Mutual Exchange Forum
on Inclusive Insurance


General background about insurance in Mongolia

Mongolia was one of the six countries who signed the MEFIN Declaration of May 2013 (also known as Cebu Declaration) and signified support to the promotion of inclusive insurance as a strategy for poverty reduction in the region. In January 2016, Mongolia renewed its commitment to the MEFIN Network which was then formalized as a regional platform for peer-to-peer exchange of knowledge and experiences in inclusive insurance.

The financial sector in Mongolia has also been through considerable challenges during the last two decades, but has emerged considerably strengthened by the process. Banking crises occurred in 1995, 1996, and 1999, leading to significant effort expended in strengthening the regulation and structure of the banking system.

The commercial insurance market is still at a very early stage in Mongolia. For many years, the Mongolian Government was the sole and direct provider of insurance. This has changed over the past two decades with the privatisation of the government insurance entity and the emergence of new entrants into the market. Currently, the insurance industry accounts for only 0.9% of the total assets in the financial sector, and gross written premium amounted to only 0.4% of GDP in 2010.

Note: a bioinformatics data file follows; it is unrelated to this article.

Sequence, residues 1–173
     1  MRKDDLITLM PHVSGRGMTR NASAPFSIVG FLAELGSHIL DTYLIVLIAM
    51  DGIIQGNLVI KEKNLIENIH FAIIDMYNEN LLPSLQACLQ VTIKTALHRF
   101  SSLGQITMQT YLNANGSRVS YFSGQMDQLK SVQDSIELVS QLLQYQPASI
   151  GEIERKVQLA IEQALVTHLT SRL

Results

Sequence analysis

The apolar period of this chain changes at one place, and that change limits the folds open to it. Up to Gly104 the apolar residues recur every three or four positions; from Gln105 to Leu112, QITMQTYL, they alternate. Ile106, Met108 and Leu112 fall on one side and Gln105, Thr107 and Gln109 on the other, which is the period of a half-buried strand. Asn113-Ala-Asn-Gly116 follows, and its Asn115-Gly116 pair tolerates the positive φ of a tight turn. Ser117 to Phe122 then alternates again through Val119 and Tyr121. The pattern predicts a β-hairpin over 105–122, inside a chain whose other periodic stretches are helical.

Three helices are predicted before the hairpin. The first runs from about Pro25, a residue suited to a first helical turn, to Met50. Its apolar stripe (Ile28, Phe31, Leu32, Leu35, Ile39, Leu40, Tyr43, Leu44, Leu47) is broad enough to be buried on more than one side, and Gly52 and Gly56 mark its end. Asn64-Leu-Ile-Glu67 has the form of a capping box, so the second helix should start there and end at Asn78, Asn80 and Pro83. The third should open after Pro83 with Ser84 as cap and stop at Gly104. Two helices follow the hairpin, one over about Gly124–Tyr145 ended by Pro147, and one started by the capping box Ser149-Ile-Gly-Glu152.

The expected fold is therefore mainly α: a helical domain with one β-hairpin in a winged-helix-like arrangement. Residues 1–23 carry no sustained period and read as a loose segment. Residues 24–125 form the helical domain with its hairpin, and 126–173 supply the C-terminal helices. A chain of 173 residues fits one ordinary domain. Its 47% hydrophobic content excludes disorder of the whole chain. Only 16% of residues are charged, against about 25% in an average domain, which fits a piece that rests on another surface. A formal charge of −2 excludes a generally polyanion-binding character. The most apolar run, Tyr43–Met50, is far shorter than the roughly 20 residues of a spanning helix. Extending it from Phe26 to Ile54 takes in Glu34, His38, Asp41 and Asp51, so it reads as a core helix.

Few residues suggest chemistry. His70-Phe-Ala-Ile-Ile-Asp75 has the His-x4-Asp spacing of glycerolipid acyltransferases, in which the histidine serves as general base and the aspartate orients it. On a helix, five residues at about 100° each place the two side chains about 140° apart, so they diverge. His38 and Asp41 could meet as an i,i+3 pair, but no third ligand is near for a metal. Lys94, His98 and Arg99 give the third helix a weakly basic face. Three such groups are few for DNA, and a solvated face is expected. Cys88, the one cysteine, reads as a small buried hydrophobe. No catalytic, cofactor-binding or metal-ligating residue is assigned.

Spurred by mineral resources revenues, Mongolia's economic growth is expected to create a rolling demand in the private insurance market. The Mongolian insurance industry registered a CAGR of 26.7% during the period 2008-2012. However, the industry is relatively small and in its developmental stages.

In 2014, the definition and new regulations requirements for inclusive insurance products have been integrated into existing regulations.

Country background

Mongolia is the world's 19th largest country, landlocked between Russia and China. With a population of just over 2.8 million, it has the lowest population density in the world. Over 60% of the population lives in urban areas, approximately 40% in the capital city of Ulaanbaatar. The remaining rural population is scattered over wide distances, resulting in significant challenges in transportation, service delivery and communication. Mongolia's Gini ratio, the coefficient that measures inequality among income distribution, lies at 36.5 and the HDI at 0.727.

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